Shortly after the attack, New Zealand Police launched Operation Whakahaumanu. The operation was designed to reassure New Zealanders after the attack and to also investigate possible threats who shared a similar ideology to the gunman. Police increased visibility in streets and visited many schools, businesses, and religious places as part of the operation. In Canterbury alone, there were almost 600 people of interest to police, where hundreds of properties were searched. On 14 July 2020, the Independent Police Conduct Authority (IPCA) deemed three of these searches to be unlawful.[264]

Fundraisers and philanthropy

An online fundraiser on the fundraising website "Givealittle" started to support victims and their families had, as of 20 March 2019, raised over NZ$6.7 million.[265][266] Counting other fundraisers, a combined total of $8.4 million had been raised for the victims and their families (as of 20 March 2019).[267] Prime Minister Ardern reiterated that those injured or killed in the shootings and their immediate families are covered by the country's accident-compensation scheme, ACC, which offers compensation for lost income and a $10,000 funeral grant, among other benefits.[268][269]

In late June, it was reported that the Jewish Federation of Greater Pittsburgh had raised more than NZ$967,500 (US$650,000) through its New Zealand Islamophobia Attack Fund for the victims of the Christchurch mosque shootings. This amount included $60,000 raised by Tree of Life – Or L'Simcha Congregation. These funds will be donated to the Christchurch Foundation, a registered charity which has been receiving money to support victims of the Christchurch shootings. This philanthropy was inspired by local Muslim support for the Pittsburgh Jewish community following the Pittsburgh synagogue shooting in late October 2018.[270][271][272]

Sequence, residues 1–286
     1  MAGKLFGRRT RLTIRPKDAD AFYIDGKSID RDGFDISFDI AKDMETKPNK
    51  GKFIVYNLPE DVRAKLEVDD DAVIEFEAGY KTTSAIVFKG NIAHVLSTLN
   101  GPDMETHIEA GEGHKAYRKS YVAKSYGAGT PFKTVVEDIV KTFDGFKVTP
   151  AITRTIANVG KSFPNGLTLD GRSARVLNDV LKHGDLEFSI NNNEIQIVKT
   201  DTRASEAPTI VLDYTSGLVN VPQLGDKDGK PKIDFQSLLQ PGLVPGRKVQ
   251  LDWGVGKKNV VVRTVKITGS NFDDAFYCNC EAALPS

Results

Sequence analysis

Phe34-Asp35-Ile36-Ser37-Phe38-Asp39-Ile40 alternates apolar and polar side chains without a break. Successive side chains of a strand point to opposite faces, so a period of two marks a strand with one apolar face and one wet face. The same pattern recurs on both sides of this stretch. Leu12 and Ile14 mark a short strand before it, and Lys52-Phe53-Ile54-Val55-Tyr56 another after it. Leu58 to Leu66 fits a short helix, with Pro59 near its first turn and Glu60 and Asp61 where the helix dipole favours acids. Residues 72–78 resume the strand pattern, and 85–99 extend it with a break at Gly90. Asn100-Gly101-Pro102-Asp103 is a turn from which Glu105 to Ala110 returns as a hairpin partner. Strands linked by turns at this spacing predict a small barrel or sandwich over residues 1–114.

Global response

Vigil in Melbourne, Australia

On 15 May 2019, Ardern and French President Emmanuel Macron co-hosted the Christchurch Call summit in Paris,[273][274] which called for major technology companies to step up their efforts to combat violent extremism.[275] The accord's founding signatory nations were Australia, Canada, the European Commission, France, Germany, Indonesia, India, Ireland, Italy, Japan, Jordan, the Netherlands, New Zealand, Norway, Senegal, Spain, Sweden, and the United Kingdom. In addition, the technology companies Amazon, DailyMotion, Facebook, Google, Microsoft, Qwant, Twitter and YouTube also signed.[276]

Related arrests and incidents

Police arrested four people on 15 March in relation to the attacks,[277][232][215] including a woman and a man, after finding a firearm in a vehicle in which they were travelling together.[278] The woman was released uncharged, but the man was held in custody and was charged with a firearms offence.[279] Additionally, a 30-year-old man said he was arrested when he arrived, unarmed, at Papanui High School to pick up his 13-year-old brother-in-law. He was in camouflage clothing, which he said he habitually wore.[280] He said police gave him a verbal warning for disorderly behaviour.[281] He is seeking compensation for a wrongful arrest. The actions were defended by police, who mentioned the threat level after the massacre and that they had to deal with reports possibly related to the attacks.[280]

On 18 March 2019, the Australian Federal Police's NSW Joint Counter Terrorism Team conducted raids on the homes of suspected gunman's sister and mother near Coffs Harbour and Maclean in New South Wales. These raids were carried out by Australian Police to assist New Zealand Police with their investigation into the shootings. The gunman's sister and mother reportedly cooperated with Australian police.[282][283]